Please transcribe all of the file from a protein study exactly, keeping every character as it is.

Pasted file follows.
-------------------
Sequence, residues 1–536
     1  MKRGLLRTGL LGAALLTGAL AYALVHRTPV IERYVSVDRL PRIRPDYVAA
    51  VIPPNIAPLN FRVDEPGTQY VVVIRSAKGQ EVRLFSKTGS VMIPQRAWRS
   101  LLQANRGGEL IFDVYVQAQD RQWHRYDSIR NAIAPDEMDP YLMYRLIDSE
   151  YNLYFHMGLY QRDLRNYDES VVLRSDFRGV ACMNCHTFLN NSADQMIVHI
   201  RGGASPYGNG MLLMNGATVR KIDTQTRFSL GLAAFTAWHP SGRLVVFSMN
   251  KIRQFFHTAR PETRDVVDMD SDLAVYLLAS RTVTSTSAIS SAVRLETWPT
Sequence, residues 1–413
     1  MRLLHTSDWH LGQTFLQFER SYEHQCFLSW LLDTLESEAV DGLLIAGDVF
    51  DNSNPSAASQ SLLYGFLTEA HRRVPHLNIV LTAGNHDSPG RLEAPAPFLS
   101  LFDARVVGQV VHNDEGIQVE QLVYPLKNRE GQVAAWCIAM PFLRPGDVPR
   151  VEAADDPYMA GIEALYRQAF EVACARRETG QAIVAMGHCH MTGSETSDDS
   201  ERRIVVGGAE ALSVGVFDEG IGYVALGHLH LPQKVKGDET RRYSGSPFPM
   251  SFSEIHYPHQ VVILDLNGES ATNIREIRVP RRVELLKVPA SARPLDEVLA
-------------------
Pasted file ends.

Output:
Sequence, residues 1–536
     1  MKRGLLRTGL LGAALLTGAL AYALVHRTPV IERYVSVDRL PRIRPDYVAA
    51  VIPPNIAPLN FRVDEPGTQY VVVIRSAKGQ EVRLFSKTGS VMIPQRAWRS
   101  LLQANRGGEL IFDVYVQAQD RQWHRYDSIR NAIAPDEMDP YLMYRLIDSE
   151  YNLYFHMGLY QRDLRNYDES VVLRSDFRGV ACMNCHTFLN NSADQMIVHI
   201  RGGASPYGNG MLLMNGATVR KIDTQTRFSL GLAAFTAWHP SGRLVVFSMN
   251  KIRQFFHTAR PETRDVVDMD SDLAVYLLAS RTVTSTSAIS SAVRLETWPT
Sequence, residues 1–413
     1  MRLLHTSDWH LGQTFLQFER SYEHQCFLSW LLDTLESEAV DGLLIAGDVF
    51  DNSNPSAASQ SLLYGFLTEA HRRVPHLNIV LTAGNHDSPG RLEAPAPFLS
   101  LFDARVVGQV VHNDEGIQVE QLVYPLKNRE GQVAAWCIAM PFLRPGDVPR
   151  VEAADDPYMA GIEALYRQAF EVACARRETG QAIVAMGHCH MTGSETSDDS
   201  ERRIVVGGAE ALSVGVFDEG IGYVALGHLH LPQKVKGDET RRYSGSPFPM
   251  SFSEIHYPHQ VVILDLNGES ATNIREIRVP RRVELLKVPA SARPLDEVLA